"The Walk isn't just about raising money but educating people about the disease and bringing those affected together," says Gary Gross, Santa Maria Walk Committee Chair. "The combined strength of many people who are aware of how they can help each other get through Alzheimer's is an incredible thing."

Fundraising efforts for the Alzheimer's Association, California Central Chapter will continue through the end of the year, and donations to support the Walk will be accepted until December 31. If you would like to donate to the cause, please contact Mitchel Sloan at 805.892.4259. For more information, visit www.alz.org/cacentral.

Our first stop to Representative Lois Capps found us meeting instead with one of her legislative assistants. Though she showed herself to be professional, my read on the interaction was that consistent (and insistent) engagement would still be needed to obtain the level of buy-in we were looking for. That said, just as we were leaving, another of her staffers (a young man) approached us in the hall to thank us for what we were doing…on behalf of those (like his grandmother) who had been felled by the disease. So, now we had a believer on the inside who could influence from within…score!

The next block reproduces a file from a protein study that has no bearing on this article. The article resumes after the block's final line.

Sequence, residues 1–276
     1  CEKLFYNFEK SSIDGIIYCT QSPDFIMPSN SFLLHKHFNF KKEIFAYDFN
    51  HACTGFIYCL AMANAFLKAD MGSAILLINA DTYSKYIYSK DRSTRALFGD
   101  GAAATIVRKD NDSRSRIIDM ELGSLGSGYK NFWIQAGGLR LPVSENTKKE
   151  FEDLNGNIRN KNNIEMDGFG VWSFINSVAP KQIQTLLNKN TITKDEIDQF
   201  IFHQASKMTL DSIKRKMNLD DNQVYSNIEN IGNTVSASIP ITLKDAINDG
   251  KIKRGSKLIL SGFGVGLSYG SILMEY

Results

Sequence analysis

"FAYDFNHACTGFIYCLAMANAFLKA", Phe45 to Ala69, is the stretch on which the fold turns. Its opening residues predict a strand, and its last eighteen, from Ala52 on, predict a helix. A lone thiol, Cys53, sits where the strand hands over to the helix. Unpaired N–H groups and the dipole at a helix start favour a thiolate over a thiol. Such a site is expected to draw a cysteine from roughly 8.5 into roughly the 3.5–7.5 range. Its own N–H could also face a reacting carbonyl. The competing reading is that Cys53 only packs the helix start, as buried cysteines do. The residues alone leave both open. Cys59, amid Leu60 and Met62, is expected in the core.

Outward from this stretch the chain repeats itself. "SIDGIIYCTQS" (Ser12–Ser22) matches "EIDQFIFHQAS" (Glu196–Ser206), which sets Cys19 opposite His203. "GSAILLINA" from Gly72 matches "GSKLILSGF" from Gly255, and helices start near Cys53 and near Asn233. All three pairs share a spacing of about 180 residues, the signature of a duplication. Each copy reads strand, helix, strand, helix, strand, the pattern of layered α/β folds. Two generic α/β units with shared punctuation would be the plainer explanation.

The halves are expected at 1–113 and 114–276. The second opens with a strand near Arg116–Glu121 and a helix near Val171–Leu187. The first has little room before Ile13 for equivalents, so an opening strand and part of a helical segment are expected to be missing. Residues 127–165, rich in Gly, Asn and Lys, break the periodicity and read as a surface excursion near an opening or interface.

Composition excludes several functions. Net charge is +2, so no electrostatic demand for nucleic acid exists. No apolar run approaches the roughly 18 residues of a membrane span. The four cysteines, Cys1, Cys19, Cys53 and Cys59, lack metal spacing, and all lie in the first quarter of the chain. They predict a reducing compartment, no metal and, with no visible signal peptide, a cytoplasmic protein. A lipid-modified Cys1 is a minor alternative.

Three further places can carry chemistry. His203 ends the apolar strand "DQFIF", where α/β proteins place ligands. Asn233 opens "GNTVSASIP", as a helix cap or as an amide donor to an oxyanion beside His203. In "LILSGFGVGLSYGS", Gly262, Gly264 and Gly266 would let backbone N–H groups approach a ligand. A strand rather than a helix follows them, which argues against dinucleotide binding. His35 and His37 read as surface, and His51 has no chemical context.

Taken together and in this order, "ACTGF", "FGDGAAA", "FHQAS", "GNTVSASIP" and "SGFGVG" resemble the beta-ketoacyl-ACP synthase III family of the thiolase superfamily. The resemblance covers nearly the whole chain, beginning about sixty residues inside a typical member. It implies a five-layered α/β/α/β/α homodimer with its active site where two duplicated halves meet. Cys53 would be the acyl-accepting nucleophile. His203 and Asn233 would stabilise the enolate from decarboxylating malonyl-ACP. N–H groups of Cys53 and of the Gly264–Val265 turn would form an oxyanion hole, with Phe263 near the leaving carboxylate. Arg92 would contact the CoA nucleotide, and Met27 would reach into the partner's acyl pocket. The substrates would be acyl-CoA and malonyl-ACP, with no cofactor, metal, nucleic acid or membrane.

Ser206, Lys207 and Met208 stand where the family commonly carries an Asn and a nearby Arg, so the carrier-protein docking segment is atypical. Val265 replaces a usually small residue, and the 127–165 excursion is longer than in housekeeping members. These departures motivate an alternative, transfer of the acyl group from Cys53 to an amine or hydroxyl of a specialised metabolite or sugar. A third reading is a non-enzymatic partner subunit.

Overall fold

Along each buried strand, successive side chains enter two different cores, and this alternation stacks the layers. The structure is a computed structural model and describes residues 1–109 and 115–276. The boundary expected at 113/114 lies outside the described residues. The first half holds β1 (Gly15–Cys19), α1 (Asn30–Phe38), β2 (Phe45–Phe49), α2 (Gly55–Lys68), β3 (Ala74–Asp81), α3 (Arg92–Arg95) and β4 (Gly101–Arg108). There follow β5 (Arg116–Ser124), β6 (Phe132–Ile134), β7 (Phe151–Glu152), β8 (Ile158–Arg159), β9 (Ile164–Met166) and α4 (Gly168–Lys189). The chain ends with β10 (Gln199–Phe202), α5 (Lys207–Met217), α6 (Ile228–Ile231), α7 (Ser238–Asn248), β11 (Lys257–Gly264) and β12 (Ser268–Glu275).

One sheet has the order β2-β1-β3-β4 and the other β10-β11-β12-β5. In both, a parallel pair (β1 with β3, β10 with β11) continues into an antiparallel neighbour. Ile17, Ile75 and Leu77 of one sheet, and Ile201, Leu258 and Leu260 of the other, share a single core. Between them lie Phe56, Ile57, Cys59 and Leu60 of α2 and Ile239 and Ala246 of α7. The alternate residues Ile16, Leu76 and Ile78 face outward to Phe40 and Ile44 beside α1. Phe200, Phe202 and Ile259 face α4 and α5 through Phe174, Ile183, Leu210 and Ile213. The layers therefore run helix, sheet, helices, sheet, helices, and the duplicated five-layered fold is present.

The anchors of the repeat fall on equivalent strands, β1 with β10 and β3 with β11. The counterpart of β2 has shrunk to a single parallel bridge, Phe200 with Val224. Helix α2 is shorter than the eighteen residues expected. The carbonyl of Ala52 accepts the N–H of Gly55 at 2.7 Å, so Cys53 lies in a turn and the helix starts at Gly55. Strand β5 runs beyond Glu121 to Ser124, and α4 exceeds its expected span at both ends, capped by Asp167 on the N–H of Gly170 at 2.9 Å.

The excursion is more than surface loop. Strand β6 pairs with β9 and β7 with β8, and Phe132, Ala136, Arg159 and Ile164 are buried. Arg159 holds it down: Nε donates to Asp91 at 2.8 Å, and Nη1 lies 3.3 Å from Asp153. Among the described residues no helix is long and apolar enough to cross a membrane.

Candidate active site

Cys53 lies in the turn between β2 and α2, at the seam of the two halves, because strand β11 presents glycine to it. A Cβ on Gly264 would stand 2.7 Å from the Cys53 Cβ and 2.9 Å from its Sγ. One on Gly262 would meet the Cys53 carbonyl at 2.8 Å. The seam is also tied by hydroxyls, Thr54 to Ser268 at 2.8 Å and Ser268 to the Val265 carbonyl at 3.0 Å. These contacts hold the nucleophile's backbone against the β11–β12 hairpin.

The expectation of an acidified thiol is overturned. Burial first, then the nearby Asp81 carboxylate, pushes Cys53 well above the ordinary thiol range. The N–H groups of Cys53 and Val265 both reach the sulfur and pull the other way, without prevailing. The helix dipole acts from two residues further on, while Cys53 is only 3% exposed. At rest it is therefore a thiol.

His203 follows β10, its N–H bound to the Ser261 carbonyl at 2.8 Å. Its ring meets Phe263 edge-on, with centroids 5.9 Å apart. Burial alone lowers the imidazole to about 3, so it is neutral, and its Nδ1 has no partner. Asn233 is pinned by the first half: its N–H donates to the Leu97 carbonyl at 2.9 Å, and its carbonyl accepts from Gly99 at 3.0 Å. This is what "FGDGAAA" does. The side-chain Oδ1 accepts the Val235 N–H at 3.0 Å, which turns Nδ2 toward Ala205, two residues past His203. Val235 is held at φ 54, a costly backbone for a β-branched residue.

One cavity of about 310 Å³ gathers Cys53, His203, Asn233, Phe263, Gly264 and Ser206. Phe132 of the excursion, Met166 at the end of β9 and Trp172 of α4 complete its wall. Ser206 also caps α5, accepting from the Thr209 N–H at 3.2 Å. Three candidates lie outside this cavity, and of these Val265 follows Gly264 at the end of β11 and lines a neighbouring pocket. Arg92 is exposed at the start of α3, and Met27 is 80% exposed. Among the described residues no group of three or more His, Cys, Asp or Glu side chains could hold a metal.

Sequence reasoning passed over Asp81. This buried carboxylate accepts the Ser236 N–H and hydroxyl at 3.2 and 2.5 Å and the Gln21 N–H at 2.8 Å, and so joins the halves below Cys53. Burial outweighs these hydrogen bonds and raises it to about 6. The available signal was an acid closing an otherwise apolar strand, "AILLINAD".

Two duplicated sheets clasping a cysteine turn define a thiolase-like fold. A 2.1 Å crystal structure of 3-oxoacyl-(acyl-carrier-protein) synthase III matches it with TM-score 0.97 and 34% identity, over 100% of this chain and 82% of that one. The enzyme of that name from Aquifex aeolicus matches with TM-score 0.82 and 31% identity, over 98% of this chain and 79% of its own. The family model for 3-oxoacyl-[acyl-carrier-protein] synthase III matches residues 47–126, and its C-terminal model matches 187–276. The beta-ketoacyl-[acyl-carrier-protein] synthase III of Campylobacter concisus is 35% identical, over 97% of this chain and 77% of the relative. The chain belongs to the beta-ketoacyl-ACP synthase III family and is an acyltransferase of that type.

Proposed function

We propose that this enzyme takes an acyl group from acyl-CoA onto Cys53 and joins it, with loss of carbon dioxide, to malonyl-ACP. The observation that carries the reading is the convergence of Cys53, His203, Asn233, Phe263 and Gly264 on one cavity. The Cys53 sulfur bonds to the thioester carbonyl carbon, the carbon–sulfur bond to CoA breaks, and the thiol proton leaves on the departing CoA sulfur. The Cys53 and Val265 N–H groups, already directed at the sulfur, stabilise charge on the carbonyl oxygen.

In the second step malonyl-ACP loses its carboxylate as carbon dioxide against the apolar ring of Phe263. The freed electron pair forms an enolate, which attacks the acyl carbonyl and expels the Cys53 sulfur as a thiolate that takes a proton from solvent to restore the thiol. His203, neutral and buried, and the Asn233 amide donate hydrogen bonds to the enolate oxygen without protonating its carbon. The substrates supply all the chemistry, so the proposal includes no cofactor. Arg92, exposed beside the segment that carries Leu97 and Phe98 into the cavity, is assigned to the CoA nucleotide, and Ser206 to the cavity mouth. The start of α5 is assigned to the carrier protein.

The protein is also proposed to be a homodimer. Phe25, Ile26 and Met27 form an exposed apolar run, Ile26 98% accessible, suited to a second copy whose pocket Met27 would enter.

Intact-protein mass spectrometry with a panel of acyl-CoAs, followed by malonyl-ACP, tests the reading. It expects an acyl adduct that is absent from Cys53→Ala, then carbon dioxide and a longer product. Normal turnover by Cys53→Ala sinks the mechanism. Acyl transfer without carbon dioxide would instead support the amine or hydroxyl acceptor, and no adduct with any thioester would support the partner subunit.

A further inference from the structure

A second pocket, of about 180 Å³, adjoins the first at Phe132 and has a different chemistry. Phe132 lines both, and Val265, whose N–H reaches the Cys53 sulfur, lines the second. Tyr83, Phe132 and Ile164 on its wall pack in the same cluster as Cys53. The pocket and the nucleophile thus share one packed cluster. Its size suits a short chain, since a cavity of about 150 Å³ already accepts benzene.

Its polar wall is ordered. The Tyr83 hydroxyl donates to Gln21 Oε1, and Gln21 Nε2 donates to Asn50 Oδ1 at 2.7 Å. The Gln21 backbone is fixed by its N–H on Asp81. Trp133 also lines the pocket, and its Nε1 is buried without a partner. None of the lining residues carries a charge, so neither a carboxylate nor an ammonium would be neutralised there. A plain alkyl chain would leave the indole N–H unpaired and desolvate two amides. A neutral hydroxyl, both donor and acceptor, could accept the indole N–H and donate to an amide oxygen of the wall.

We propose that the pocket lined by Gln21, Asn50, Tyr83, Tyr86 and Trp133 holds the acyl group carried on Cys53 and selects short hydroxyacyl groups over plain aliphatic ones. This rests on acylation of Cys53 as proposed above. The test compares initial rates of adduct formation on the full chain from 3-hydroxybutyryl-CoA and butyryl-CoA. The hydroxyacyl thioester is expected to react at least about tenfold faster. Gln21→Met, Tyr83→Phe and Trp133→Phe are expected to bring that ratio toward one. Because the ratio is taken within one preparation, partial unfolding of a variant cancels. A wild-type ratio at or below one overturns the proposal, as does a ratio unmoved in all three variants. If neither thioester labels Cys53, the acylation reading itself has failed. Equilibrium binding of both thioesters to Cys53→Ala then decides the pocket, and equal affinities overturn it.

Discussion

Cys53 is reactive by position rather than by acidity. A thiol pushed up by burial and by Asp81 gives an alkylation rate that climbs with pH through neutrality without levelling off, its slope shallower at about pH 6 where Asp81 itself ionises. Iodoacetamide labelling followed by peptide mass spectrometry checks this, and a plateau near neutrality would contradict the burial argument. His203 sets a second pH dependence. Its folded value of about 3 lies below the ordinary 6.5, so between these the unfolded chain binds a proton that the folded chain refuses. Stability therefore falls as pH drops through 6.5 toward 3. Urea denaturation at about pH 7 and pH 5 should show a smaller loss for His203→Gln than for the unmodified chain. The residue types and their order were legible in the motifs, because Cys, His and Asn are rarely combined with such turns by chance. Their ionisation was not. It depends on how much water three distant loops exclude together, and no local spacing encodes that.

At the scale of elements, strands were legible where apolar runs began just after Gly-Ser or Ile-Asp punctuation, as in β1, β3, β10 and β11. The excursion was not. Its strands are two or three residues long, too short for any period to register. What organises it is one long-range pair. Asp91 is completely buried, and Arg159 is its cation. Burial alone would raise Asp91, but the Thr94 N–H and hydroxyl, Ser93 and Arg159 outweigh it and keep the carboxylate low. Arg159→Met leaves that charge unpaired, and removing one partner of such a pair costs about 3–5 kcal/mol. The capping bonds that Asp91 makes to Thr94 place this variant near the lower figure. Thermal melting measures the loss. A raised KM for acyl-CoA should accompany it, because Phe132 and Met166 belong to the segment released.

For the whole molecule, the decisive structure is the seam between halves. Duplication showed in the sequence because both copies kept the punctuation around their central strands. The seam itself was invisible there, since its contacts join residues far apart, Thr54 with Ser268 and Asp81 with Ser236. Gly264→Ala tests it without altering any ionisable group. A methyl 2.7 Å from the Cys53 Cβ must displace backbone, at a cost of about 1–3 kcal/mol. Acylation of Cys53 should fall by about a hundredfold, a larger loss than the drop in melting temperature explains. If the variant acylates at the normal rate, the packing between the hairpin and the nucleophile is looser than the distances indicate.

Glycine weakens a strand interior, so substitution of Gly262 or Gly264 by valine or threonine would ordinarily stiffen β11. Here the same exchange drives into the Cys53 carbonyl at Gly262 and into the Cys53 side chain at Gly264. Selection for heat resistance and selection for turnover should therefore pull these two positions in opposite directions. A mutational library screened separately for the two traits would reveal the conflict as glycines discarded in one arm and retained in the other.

Last stop was to Congresswoman Julia Brownlee where her healthcare assistant was genuinely attentive and informed as to the level of commitment and the real actions taken by her boss to back that up. She took notes to follow-up with Representative Brownlee on a couple remaining tasks to be completed and I left with no doubt that our requests would be handled. Thankfully, Congressman Brownlee is one of the elected officials that “gets it”…so glad I voted for her!

 


 

Alzheimer's Association

Our vision: A world without Alzheimer's disease®.
Formed in 1980, the Alzheimer's Association is the leading voluntary health organization in Alzheimer's care, support and research.